Ana, a student teacher, is about to attend her Physics and Chemistry class, something she doesn’t like very much. For her, who comes from a baccalaureate of letters, her pure sciences always seemed difficult to understand.
At the other end of the city, 12-year-old Jordi has breakfast reluctantly, because he’s on Natural Sciences first thing in the morning and in a few days he’ll have an exam on something he still doesn’t understand.
Although these two examples are invented assumptions, the reality is that many people face science every day carrying a negative mentality and disposition towards it.
Whether due to the “torture” of not getting the right result in mathematics or the “terror” of a physics problem to find out the friction of an inclined plane, general sciences (mathematics, physics, chemistry…) are often considered tedious, difficult and boring.
In order to turn around this popular opinion and generate a better understanding of them, it is necessary to resort to innovative methodologies.
Any time passed was better?
Teaching science usually consists of following a book and solving problems, which the teacher simply repeats by changing the numbers and causing rote learning.
But the traditional methodology has fallen short for the teaching of certain subjects, especially in a world in constant evolution that offers a large number of resources.
Interesting or boring? Depends on the method
Already in classical Greece the importance of teaching in the open air or learning through observation became clear. And although this teaching method is more suitable for subjects such as biology or geology, with the right means any discipline can be taught in an attractive way.
It is not necessary to go out into the street to exercise innovative learning since, inside the classroom, it is enough to accommodate a few small guidelines to make even the most tedious subject attractive.
In today’s world where social networks and new technologies dominate everything, an old acquaintance is making its way: the comic.
An ally in the classroom
In the 1st Teaching with Comics Congress , teachers from various parts of the globe met to share experiences and methodologies involving comics at different academic levels.
The relationship between comics and teaching is not a new phenomenon. In subjects such as Chemistry, for example, the relationship dates back to the 1950s .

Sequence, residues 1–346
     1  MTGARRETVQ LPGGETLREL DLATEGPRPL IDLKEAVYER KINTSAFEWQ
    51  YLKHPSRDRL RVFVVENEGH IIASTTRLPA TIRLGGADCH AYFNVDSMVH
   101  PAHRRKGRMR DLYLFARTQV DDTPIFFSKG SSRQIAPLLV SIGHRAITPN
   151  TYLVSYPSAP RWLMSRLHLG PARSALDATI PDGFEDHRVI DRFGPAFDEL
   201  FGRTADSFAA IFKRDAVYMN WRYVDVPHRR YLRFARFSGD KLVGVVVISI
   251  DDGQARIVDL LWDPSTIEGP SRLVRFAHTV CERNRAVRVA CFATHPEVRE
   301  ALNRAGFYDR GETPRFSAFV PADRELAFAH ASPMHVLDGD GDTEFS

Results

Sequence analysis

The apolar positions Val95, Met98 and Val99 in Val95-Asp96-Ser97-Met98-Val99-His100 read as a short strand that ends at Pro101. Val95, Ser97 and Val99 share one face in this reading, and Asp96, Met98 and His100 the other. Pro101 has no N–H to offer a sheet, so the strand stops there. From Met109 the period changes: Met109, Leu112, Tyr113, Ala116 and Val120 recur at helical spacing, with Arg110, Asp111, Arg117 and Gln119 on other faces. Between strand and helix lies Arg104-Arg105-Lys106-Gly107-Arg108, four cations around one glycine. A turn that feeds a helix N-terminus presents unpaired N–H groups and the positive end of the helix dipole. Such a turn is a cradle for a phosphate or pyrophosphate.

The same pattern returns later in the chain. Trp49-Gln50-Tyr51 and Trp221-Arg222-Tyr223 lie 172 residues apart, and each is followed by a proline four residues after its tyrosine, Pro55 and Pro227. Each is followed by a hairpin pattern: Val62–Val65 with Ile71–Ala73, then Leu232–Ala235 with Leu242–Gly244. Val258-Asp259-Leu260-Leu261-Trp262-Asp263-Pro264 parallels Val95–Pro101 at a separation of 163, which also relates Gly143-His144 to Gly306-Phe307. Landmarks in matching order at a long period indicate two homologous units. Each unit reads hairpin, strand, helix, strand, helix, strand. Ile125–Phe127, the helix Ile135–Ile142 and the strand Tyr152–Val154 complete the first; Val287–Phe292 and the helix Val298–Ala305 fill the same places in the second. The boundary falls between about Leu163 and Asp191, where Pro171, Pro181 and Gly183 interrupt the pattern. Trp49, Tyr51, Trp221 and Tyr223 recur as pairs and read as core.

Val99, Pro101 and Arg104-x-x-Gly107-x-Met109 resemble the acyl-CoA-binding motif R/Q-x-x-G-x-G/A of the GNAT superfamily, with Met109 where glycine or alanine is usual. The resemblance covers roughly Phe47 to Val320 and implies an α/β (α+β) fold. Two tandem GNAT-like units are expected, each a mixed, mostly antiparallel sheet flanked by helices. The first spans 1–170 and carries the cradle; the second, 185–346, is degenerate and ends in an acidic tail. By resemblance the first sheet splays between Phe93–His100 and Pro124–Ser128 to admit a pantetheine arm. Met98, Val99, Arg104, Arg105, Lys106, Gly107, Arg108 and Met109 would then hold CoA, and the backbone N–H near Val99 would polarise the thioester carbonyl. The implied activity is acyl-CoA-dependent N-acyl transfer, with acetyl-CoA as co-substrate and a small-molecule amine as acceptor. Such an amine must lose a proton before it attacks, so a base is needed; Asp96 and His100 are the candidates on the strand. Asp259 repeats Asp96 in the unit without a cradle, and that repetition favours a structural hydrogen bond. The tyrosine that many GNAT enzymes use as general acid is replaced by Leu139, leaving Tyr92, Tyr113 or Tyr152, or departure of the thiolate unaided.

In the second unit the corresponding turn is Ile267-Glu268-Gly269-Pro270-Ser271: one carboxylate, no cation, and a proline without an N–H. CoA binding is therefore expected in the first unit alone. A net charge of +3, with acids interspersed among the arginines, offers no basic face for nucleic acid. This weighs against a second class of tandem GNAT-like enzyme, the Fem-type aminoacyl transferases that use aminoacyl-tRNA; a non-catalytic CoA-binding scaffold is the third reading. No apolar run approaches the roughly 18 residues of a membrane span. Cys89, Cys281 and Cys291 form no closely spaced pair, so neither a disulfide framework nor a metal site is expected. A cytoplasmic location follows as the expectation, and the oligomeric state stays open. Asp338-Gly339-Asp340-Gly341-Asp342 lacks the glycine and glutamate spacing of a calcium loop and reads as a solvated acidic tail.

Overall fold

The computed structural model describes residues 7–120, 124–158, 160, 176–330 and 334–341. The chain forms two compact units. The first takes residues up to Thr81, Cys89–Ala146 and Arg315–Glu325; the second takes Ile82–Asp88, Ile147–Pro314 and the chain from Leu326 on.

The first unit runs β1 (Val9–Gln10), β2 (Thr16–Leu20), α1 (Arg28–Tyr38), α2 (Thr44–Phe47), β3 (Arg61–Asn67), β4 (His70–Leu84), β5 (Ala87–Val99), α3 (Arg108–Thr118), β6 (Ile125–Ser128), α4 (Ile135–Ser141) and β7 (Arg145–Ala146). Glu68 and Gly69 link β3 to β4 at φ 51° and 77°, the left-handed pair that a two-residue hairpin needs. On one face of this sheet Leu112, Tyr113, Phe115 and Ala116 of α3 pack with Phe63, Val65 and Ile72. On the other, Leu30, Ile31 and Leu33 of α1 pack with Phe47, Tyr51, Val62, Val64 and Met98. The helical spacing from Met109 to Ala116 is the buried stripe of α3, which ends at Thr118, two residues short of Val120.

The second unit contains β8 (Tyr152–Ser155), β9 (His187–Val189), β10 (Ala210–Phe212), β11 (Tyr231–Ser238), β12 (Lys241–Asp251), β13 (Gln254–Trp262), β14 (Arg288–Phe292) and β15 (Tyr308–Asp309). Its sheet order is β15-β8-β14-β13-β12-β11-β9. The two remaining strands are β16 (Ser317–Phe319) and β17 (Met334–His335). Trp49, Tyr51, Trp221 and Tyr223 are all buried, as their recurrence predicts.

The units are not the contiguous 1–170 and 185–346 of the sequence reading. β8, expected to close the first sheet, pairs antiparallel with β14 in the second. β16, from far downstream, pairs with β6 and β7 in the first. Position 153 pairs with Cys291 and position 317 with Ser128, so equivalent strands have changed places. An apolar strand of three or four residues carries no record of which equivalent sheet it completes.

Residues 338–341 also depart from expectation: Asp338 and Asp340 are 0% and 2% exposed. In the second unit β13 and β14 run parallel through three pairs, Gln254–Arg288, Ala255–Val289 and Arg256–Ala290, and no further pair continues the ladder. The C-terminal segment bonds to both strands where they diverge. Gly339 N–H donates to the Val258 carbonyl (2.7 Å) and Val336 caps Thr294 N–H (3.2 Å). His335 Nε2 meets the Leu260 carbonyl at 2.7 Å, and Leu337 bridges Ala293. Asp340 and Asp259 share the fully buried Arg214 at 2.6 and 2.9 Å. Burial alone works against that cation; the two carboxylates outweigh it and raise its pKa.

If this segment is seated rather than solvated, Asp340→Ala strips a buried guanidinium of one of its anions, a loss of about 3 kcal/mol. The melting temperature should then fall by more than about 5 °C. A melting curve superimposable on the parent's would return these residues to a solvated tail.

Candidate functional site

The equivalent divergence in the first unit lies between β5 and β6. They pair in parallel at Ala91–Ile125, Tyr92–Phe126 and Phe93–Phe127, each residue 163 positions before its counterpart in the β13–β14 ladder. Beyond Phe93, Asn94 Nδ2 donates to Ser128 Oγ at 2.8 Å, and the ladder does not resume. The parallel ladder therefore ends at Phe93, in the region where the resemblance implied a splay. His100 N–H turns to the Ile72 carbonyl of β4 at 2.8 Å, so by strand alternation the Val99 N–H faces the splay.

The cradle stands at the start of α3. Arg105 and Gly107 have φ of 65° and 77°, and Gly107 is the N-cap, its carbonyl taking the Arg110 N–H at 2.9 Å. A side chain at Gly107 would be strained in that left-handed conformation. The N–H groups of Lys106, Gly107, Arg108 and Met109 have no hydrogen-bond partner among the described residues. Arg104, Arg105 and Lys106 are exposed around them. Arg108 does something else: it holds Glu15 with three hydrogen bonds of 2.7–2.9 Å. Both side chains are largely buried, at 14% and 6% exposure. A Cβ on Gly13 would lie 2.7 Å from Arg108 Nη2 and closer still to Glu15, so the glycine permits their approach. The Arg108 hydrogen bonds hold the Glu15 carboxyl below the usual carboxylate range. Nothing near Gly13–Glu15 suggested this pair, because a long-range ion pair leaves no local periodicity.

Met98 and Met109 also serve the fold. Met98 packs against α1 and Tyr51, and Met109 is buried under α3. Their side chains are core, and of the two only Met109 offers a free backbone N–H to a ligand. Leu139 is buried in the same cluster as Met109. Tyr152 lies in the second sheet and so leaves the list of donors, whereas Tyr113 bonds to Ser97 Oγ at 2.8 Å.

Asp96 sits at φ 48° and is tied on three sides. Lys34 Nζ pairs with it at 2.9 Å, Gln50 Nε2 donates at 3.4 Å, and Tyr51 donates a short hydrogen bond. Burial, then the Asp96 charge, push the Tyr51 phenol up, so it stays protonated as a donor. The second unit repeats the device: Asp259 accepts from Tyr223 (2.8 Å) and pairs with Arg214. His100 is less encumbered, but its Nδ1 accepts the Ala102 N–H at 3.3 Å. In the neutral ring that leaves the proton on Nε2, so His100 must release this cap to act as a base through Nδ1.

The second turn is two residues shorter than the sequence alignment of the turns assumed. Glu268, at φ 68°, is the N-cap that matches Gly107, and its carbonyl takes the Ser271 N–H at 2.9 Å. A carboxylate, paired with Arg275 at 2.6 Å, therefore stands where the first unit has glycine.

At that time, characters like Donald Duck or Dick Tracy, the famous detective, were shown in their cartoons talking about chemical reactions and compounds.
Characters from major publishers such as Marvel or DC also emerged, which have had great relevance in recent years thanks to their adaptation to the cinema.
Almost any title is likely to be used in the classroom to convey some knowledge: Asterix and the residence of the gods conveys great values on the real estate market; Art Spiegelman ‘s Maus helps us better understand the Holocaust; and, more recently, the manga Dr. Stone offers examples of physicochemical processes.
Of course, its use in the classroom should not refer to simple readings in class. It should serve as a reinforcement of knowledge imparted by the teacher, which the students retain in a playful way, without involving tedious memorization.
Not only in class
Although it may seem that the use of innovative methodologies is only applicable within the classroom, or for a certain sector of the population, the truth is that there is a great lack when it comes to communicating science to the general public .
Scientific dissemination has a great impact on society, especially when it comes to topics of general interest, such as vaccination to combat the COVID-19 pandemic.
But sometimes it can be difficult to convey a scientific message to the population that has the desired effect, especially when it comes to complex issues, such as diseases, new technologies or space events.
In recent years, a line of information has emerged that involves comics showing in a simple and entertaining way information that may seem complex at first glance.
An example of the aforementioned corresponds to a new branch of medical information called Graphic Medicine in which, through vignettes, everything from medical processes or patient cases to diseases with a certain impact are explained.
This is the case of the graphic novel entitled A possibility among a thousand where Miguel Ángel Giner and Cristina Durán show in an illustrated way what it is like to live with a daughter who has cerebral palsy.
Other areas can also benefit
Science is not the only field that can benefit from the use of comics to reach a mainstream audience. Economy, politics and other issues that affect and interest society have a large number of examples explained in the form of illustrated vignettes.
The Japanese comic, graphic novel or manga emerged as playful entertainment and over the years they became popular, serving different generations.
Regardless of the educational level, be it formal or non-formal education and even the general public, comics are helping to transmit knowledge. And, more importantly, they are helping society to understand what, otherwise, would not be so simple.
Author Bio:Sergio Fuentes Anton is Professor of Didactics of Experimental Sciences at the University of Salamanca